Most Hartushi rug designs are native to the Kurdish Eastern Anatolian-Caucasian area, though an occasional piece is influenced by other Turkish weaving. The execution, however, is from the mind, or possibly from another rug, but not from a detailed drawing. Inquiries during our investigation in the Van region in June, 1988, led to the conclusion that the Hartushi rug designs, like the Hartushi (Van) kilim designs, are woven interchangeably by all sections of the large Hartushi tribe. Hence, there is no way to assign designs to specific sections of the tribe. The major rug designs bear little resemblance to the repeat designs found in the Hartushi kilims. We have found this to be the rule with other Kurdish tribal weavings as well. The only exceptions are some of the simple borders where there may be similarities between the kilims and the rugs.
Illustration 3. Hartushi with "Caucasian" turtle, c. 1930
|The structures of the Hartushis are quite uniform. A typical rug would be eight to l2 feet long and four feet wide with tan or grey wool or goat hair warps and with wool wefts in natural or sometimes dyed pile wool. The wool is hard, strong, and sometimes shiny, lying at an angle because of the multiple wefts. Although north of Lake Van the brown sheep influence the color scheme of the Kars rugs and kilims, the Hakkari region to the south of the lake has many white sheep whose wool is available for the pile and takes the dyes well.|
Knots are large and the count is typically four-by-four or four-by-five per inch. Between each row of knots there are usually three to four wefts. The sides usually have thick selvages either in two bunches with a figure-eight wrapping or sometimes in flatter, smaller selvages of three or four bunches. Some of the selvages have color changes down the sides. The ends are typically six-inch plaits connected to a one-inch cross braid and then a one inch or shorter kilim leading to the pile.
A novel structure in many Hartushi rugs is a triangular add-on at one or both ends. The Hartushis share in a large way the Kurdish trait of turning out rugs in irregular shapes. In the Hartushis, when the end is pulled tighter at the sides creating a rounded effect, triangular wedges are sometimes added from leftover pile yarn to straighten the end (Illustration 4, pg. 22).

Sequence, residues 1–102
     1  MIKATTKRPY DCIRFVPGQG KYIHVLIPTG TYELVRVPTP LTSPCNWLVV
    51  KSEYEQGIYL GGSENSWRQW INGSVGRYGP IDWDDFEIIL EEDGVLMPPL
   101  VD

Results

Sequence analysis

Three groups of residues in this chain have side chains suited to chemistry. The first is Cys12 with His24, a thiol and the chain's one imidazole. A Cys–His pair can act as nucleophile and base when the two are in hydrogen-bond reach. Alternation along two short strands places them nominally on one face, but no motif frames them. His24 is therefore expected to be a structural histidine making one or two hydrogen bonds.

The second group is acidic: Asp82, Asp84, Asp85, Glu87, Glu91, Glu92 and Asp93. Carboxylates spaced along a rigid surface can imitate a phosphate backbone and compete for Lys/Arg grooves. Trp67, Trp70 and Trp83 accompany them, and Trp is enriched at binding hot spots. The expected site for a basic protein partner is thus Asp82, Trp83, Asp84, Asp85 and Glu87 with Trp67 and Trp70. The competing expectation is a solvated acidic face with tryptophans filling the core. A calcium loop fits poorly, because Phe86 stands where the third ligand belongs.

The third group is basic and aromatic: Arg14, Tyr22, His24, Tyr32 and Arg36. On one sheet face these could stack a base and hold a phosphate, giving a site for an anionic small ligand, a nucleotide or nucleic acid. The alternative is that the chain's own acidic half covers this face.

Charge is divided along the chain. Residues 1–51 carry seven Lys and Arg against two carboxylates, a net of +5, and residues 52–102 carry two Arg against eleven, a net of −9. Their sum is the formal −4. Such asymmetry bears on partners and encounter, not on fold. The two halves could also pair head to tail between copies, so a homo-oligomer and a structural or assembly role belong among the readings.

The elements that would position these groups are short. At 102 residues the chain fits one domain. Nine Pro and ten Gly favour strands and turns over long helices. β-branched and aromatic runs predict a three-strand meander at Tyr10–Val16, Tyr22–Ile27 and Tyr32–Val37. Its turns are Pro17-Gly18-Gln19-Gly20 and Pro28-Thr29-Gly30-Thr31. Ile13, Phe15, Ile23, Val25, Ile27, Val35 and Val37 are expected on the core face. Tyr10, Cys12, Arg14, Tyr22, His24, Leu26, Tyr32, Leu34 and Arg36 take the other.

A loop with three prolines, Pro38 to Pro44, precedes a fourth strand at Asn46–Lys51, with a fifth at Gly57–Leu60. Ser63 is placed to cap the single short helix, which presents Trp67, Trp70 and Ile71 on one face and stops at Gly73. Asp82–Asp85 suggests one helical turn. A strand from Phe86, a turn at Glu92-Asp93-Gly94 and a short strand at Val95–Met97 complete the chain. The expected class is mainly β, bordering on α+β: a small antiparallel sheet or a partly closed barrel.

The age of these rugs is not readily apparent. Few are dated, but the most recent date we have found is 1973. The earliest, probably authentic date is 1915 (Illustration 5). A number of the rugs appear to be earlier than this rug, so we can tentatively conclude that, while most were woven between 10 and 60 years ago, some were woven in the last century.
As far as we are able to determine, virtually no Hartushi rugs are now being produced. Instead, weavers are turning out smaller lightweight fabrics for the tourist trade. Then, why are these rugs now on the market when they were unavailable only a few years ago?
It is not at all certain how many Hartushi rugs will be available for the many collectors who are looking for tribal rugs untouched by urban or commercial influences. If for several years there is a glut, this does not mean that they are inexhaustible. Tens of thousands of Jaf bags flooded the U. S. market in the 1 920s and '30s, but they are now rare where they originated in Iran and Iraq. There are probably 300 to 500 Hartushi rugs now in the retail and wholesale outlets of Istanbul, and several hundred more in the other centers of Turkey. Perhaps a thousand or two still remain to be brought, out of the mountains. It can be a risky business going into these villages unless the picker has somehow gained the confidence of the tribesmen and women. However, greed will win out and, before long, most of the Hartushi rugs will have been extracted, and many of them will be in Europe and the United States. During the past few months prices have risen, perhaps indicating that supplies are drying up -- or that demand is increasing.
It is likely that enough of these rugs will soon be available to form a group that will find its place in the rug vocabulary. When this happens, let us begin by discarding the "Herki" label and calling the rugs after their tribal origin, "Hartushis," or if attribution to the area rather than the tribe is preferred, "Hakkaris."
Illustration 5. Dated Hartushi, 1915
Warp: brown and white goat hair